On January 19, 2012, the National Center on Education and the Economy launched the Center on International Education Benchmarking (CIEB). The new Center will conduct research on the world’s most successful education systems. It will also offer access to information, analysis, and opinion on the education systems of the top-performing countries from all over the world through its new web portal. Click here to find out more.
In August 2011, Emily Brimsek joined NCEE as a research analyst. Emily recently completed a PhD in History from Brown University, following a BA in History from Carleton College in Northfield, MN, where she also completed coursework in Education Studies. Her doctoral dissertation focused on the treatment of criminals in the West Indies, Ireland and India in the 1790s and required a year of independent research in UK archives.
In the Fall of 2011, Wanying Wang joined NCEE as a visiting scholar. Wanying recently completed a PhD in Education from the University of Hong Kong where her studies focused on a curriculum innovation in Peking University in Mainland China; the university is committed to modeling the core curriculum at Harvard University. She holds a master’s degree in education and a bachelor’s degree in law.
Latest Publications and EventsSurpassing Shanghai: An Agenda for American Education Built on the World’s Leading Systems
On November 10, Harvard Education Press released NCEE’s latest book, Surpassing Shanghai: An Agenda for American Education Built on the World’s Leading Systems. The book, edited by NCEE President Marc Tucker (with a forward by Linda Darling-Hammond), focuses on five countries that have sustained records of superior education performance including Canada (with a focus on Ontario), China (with a focus on Shanghai), Japan, Finland, and Singapore. The authors describe each country’s history, culture, and education system in terms of standards, instructional systems, assessments, teacher quality, school finance, the gateways through the system, and the incentives that affect student motivation. In the final chapter, the book offers recommendations for how the United States can catch up and even outpace these educational leaders. Purchase a copy of the book here.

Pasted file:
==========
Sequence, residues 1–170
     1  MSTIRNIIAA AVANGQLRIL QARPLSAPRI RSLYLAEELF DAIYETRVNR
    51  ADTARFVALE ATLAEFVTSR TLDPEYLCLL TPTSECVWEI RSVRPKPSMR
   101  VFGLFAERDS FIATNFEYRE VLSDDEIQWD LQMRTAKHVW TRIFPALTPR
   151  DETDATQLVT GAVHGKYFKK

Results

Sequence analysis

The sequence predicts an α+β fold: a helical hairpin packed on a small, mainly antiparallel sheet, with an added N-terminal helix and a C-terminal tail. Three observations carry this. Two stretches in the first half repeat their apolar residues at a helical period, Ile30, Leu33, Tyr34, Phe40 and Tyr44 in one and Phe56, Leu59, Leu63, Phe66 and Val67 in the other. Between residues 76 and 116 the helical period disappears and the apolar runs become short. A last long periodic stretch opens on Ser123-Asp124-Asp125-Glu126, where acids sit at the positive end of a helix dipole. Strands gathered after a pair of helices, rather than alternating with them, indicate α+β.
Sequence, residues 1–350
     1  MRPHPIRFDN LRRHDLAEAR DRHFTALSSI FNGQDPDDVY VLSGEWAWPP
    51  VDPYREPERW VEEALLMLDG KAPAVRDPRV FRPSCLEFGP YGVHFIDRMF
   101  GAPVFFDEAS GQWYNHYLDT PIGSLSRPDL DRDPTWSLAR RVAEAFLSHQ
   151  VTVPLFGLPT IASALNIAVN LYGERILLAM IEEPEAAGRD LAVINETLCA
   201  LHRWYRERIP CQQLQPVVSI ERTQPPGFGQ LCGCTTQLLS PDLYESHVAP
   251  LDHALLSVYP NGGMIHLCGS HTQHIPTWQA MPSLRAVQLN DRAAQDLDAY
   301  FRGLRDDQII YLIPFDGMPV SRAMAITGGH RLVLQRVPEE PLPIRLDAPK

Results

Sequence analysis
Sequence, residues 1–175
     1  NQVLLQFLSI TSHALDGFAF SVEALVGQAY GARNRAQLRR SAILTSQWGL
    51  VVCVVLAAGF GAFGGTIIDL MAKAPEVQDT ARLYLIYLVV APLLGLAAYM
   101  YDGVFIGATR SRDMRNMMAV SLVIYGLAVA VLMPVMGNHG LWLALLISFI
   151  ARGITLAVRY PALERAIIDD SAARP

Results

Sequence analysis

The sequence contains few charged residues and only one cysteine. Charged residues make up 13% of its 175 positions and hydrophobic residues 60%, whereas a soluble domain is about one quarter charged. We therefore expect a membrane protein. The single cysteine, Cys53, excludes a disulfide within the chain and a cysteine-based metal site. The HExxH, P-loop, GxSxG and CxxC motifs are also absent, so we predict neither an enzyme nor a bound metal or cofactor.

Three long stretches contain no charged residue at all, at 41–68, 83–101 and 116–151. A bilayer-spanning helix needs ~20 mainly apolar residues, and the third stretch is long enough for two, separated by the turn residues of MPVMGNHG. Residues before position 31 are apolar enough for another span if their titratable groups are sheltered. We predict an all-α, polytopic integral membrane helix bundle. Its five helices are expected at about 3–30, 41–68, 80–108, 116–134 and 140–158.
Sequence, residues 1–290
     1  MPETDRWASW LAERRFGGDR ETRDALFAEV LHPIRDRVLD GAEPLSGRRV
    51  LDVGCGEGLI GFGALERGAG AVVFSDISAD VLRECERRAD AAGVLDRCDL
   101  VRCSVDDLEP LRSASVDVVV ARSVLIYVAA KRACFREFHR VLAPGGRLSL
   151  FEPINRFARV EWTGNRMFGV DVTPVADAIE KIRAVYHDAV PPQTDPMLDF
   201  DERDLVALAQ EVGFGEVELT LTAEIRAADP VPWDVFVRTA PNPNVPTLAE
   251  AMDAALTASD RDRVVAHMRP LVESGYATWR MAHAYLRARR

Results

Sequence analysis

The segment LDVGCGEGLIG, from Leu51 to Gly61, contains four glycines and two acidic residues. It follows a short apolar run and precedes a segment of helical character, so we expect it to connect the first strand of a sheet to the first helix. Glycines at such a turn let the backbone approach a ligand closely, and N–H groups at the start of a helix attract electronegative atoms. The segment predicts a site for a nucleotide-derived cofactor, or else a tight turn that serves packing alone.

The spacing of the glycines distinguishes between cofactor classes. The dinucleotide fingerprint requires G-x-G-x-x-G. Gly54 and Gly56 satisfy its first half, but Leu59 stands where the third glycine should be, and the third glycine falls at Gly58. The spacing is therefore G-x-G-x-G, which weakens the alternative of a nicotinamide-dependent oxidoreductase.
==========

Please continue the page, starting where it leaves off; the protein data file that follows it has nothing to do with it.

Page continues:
To celebrate the release of Surpassing Shanghai, NCEE hosted a book signing and briefing on November 15 with Marc Tucker and New York Times columnist and Pulitzer Prize winning-author Thomas Friedman, who co-authored the book, That Used To Be Us: How America Fell Behind In the World It Invented and How We Can Come Back. The discussion was moderated by NBC correspondent Luke Russert. Video from the event is now available on NCEE’s web site.
NCEE in the NewsDan Rather Reports
On January 12, Marc Tucker participated in Education Week’s Quality Counts event and joined Mary Jean Gallagher, Deputy Assistant Minister at the Ontario Ministry of Education; Anthony Jackson, Vice President for Education at the Asia Society; and Emiliana Vegas, Lead Education Economist at the World Bank for a policy roundtable discussion entitled the Global Challenge. In November 2011, Marc kicked off his new blog, Top Performers, hosted by Education Week. He will be blogging at least once a week on what we can learn from the nations leading the world in student achievement and how those lessons can help shape U.S. policy and practice. Marc also blogs occasionally for National Journal’s Education Expert blog—check out his latest post on why charter schools should not be driving national education policy. Last November, Marc also wrote a commentary for Education Next entitled, “A Different Role for Teacher Unions” and appeared on Dan Rather Reports to discuss why the United States has fallen so far behind its international peers in terms of student achievement. Watch part of the interview here or to view the full show, Take a Lesson from Singapore, visit iTunes.